We’ve lived so long under the spell of hierarchy—from god-kings to feudal lords to party bosses—that only recently have we awakened to see not only that “regular” citizens have the capacity for self-governance, but that without their engagement our huge global crises cannot be addressed. The changes needed for human society simply to survive, let alone thrive, are so profound that the only way we will move toward them is if we ourselves, regular citizens, feel meaningful ownership of solutions through direct engagement. Our problems are too big, interrelated, and pervasive to yield to directives from on high.
—Frances Moore Lappé, excerpt from Time for Progressives to Grow Up

Wednesday, June 23, 2010

Towards a new economy and a new politics

by Gus Speth from Solutions.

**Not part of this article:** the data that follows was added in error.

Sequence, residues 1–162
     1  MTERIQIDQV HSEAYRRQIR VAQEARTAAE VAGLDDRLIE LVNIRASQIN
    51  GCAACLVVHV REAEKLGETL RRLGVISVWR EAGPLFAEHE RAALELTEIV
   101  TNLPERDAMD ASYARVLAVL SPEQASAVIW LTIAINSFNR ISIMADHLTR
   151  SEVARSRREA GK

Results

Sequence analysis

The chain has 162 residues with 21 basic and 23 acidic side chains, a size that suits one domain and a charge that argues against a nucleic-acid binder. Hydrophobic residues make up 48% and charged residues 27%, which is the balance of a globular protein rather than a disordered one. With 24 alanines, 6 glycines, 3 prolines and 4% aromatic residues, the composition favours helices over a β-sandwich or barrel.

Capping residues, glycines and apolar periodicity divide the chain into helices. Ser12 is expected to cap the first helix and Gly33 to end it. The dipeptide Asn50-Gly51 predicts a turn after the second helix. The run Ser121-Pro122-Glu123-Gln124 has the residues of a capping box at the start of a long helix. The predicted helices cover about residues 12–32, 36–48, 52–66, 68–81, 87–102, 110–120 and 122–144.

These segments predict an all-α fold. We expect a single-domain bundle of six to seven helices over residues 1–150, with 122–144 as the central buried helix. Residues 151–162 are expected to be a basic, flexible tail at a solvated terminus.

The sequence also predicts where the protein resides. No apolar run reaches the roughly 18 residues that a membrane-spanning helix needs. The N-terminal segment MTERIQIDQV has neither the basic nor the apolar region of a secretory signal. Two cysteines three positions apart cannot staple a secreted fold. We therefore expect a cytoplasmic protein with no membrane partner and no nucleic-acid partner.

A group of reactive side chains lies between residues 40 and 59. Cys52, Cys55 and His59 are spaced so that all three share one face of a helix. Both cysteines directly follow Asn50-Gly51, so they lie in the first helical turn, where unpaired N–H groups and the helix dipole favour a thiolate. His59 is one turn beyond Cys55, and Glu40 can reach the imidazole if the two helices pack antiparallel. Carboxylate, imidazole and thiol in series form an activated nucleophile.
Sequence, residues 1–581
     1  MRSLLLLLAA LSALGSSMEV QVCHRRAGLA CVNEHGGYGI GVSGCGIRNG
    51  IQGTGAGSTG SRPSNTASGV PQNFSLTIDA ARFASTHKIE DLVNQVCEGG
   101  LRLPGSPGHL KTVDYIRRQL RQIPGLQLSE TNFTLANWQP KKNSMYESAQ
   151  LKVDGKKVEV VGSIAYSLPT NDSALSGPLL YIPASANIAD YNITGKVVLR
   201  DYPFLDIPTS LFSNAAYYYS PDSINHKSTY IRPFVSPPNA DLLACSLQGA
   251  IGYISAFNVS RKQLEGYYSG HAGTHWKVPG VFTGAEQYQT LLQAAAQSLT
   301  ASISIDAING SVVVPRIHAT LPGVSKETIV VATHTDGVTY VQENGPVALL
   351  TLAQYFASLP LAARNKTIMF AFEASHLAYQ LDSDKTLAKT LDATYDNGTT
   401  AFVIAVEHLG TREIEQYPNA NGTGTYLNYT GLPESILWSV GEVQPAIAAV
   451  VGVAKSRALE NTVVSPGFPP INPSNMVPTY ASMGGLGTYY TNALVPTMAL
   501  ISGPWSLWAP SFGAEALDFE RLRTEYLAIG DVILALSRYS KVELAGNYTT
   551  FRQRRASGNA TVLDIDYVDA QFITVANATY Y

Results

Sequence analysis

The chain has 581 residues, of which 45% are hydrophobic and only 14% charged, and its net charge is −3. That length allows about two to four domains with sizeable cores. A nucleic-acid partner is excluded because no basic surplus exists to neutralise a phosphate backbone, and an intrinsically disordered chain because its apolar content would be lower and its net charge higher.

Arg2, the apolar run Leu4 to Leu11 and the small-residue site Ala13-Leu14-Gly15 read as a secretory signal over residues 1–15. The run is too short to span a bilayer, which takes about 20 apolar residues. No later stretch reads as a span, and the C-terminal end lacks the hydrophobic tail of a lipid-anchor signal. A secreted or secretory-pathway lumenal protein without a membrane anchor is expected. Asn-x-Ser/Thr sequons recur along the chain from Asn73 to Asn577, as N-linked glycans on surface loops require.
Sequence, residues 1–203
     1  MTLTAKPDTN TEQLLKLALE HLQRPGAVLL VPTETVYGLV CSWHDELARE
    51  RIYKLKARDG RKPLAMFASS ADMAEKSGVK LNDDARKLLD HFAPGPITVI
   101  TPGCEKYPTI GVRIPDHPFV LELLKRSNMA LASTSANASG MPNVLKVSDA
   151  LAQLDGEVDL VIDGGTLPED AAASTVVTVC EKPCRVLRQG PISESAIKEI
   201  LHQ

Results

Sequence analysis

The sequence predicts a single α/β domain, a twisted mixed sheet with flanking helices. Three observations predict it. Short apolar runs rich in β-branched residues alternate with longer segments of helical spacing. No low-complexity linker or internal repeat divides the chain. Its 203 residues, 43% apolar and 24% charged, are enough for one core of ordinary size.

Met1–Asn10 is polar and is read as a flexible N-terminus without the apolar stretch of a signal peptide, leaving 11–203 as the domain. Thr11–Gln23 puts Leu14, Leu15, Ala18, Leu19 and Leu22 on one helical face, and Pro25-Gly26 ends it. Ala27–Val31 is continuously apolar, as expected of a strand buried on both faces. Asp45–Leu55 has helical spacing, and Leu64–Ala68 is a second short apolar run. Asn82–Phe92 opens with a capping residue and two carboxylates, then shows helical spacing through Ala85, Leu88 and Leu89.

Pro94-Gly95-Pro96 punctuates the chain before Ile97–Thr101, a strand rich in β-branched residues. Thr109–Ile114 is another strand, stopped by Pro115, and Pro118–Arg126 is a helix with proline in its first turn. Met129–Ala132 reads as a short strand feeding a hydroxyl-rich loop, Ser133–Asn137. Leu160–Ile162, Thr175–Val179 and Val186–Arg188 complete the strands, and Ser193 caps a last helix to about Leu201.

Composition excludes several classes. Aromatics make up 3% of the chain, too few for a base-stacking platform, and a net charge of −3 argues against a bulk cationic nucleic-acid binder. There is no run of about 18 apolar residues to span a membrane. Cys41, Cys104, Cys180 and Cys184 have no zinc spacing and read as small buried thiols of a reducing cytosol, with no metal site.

I heartily agree with the general thrust of this article, but I don't believe that the author understands what any real change is up against. Like many other social critics, he is unable to name the system, but keeps referring to the need for systemic changes. If change is to be possible, we must understand the system and the class it serves. Still I highly recommend reading this article.
The case for fundamental change is underscored especially by the urgency of environmental conditions. Here is one measure of that problem: All that human societies have to do to destroy the planet’s climate and biota and leave a ruined world to future generations is to keep doing exactly what is being done today, with no growth in the human population or the world economy. Just continue to release greenhouse gases at current rates, just continue to impoverish ecosystems and release toxic chemicals at current rates, and the world in the latter part of this century won’t be fit to live in. But, of course, human activities are not holding at current levels—they are accelerating dramatically.